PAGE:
It makes sense for the Vatican Bank to go out of its way to allay any worries about criminal activity in the questionable wire transfers (the money was released nine months later) and the ouster in May 2012 of the bank's then president, Ettore Gotti Tedeschi.

Most Of the $30 million seized was being transferred from Credito Artigiano, a private Italian bank, to a branch of JPMorgan Chase in Frankfurt, with the rest bound for a second Italian bank, Banca del Fucino. Both the origin and destinations of the funds were accounts under the control of the Vatican Bank, which allegedly had failed to disclose the origin of the money, in violation of Italian law.

The Vatican Bank's supervisory council ordered the removal of Tedeschi, who had previously been a country manager for Banco Santander for Italy, for incompetence. The Vatican Bank president's office remained vacant from May 2012 until February 2013 when, as one of his final acts, Pope Benedict XVI approved the Council of Cardinals' appointment of Ernst von Freyberg, a German lawyer and chairman of the executive board of German shipyard Blohm & Voss, as president of the bank's supervisory board.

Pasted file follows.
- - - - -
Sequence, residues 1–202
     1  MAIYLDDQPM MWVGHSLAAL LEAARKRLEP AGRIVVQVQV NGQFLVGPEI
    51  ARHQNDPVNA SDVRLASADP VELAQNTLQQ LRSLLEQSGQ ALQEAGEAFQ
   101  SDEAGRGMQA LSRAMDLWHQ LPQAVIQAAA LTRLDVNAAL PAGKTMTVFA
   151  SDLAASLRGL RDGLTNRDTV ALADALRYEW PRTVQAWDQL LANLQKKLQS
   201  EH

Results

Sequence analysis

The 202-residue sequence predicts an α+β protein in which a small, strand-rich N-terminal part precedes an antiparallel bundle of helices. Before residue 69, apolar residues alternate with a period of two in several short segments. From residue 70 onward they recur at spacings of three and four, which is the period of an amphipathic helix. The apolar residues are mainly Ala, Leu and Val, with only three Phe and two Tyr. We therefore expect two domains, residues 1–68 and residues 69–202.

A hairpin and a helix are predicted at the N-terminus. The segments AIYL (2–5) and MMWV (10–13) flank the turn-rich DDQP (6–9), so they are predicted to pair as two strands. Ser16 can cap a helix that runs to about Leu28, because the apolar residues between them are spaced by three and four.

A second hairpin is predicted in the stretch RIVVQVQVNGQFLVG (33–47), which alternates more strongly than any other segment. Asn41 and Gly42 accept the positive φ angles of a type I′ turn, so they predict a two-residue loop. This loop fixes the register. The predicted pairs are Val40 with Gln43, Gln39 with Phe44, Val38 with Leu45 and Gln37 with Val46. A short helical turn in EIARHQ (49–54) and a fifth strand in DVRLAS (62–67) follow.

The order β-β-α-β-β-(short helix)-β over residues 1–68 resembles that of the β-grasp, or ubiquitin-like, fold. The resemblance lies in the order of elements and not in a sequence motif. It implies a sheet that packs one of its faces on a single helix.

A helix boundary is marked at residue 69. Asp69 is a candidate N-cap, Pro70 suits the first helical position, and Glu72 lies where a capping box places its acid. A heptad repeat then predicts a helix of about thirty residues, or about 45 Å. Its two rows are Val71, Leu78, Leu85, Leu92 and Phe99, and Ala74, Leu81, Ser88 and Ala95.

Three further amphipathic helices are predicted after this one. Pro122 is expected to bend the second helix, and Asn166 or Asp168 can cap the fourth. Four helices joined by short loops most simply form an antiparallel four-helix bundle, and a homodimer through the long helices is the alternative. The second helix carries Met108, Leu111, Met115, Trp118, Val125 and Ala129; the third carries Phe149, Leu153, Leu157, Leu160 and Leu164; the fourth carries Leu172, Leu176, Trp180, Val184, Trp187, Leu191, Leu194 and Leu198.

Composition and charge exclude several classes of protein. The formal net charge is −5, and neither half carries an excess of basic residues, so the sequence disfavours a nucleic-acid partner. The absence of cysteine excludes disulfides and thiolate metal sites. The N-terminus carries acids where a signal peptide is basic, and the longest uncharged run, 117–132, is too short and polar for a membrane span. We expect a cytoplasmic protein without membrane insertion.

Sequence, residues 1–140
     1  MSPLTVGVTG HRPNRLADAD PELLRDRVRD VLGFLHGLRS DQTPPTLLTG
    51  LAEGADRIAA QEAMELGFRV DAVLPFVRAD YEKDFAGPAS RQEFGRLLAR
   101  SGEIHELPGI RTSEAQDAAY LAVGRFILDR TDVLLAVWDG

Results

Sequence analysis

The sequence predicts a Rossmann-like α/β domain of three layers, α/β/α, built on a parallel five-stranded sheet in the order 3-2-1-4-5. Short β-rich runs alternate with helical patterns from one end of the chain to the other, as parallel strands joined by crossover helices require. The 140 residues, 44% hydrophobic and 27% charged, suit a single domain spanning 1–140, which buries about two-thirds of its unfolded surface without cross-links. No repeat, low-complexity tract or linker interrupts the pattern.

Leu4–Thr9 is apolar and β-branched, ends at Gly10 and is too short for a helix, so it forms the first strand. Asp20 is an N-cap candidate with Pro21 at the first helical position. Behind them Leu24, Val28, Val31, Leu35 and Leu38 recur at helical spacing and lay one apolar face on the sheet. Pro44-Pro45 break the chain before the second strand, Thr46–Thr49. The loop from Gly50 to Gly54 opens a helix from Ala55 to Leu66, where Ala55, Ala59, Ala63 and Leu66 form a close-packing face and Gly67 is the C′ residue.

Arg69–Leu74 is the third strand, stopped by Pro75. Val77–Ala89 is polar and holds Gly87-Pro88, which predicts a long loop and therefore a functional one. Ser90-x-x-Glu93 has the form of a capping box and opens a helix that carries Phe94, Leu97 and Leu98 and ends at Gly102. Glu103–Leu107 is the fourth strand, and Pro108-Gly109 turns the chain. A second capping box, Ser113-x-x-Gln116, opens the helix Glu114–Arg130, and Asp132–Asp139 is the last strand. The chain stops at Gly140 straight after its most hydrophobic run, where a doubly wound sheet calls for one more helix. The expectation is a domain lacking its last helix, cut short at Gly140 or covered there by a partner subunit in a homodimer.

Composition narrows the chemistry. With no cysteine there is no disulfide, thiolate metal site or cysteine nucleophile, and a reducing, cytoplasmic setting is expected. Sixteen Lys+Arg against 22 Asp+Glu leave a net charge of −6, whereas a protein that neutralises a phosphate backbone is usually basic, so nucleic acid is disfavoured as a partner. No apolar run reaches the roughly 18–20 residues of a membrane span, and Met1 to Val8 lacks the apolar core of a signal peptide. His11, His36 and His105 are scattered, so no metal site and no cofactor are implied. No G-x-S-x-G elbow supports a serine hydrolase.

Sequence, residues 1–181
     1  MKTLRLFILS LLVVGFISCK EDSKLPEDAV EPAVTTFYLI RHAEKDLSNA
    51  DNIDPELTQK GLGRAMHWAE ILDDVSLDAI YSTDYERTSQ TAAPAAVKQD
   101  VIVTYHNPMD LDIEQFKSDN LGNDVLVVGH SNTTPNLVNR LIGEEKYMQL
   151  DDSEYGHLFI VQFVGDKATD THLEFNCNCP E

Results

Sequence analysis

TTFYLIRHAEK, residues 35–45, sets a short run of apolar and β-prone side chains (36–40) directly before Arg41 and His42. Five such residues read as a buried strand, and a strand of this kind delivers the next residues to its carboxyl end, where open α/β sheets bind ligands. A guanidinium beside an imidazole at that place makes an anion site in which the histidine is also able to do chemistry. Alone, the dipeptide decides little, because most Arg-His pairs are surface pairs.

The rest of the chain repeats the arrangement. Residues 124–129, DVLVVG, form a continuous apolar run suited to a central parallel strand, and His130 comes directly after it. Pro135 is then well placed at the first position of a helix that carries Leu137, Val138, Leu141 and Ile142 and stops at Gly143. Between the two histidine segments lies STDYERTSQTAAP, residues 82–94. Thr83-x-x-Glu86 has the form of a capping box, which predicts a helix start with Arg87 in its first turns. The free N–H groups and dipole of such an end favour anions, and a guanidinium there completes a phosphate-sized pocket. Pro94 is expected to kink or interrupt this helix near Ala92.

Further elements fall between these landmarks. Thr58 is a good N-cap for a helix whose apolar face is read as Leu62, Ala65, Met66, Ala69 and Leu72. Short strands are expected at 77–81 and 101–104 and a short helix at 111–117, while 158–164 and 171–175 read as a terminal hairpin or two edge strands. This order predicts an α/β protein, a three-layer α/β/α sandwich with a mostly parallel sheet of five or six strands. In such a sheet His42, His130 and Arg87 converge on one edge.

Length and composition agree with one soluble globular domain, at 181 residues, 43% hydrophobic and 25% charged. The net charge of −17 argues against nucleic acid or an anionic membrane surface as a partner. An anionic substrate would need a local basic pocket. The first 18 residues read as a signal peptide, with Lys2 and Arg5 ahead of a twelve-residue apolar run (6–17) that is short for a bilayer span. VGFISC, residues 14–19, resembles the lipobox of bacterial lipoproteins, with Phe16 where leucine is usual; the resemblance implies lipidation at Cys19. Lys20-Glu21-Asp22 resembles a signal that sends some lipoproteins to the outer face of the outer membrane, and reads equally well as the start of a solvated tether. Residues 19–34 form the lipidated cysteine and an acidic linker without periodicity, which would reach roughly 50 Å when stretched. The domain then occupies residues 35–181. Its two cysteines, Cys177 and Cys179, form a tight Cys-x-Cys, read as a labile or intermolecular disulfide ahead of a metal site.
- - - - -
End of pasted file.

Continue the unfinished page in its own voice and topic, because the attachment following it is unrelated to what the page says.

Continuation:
'The real problem is that the bank hasn't had oversight,' says Jason Berry, a long-time expert on the Catholic Church's financial structures and author of Render unto Rome: the secret life of money in the Catholic Church. 'Its senior management would not have got rid of Tedeschi and brought in a new man if it hadn't been seriously concerned about repositioning the bank under international banking oversight structures.'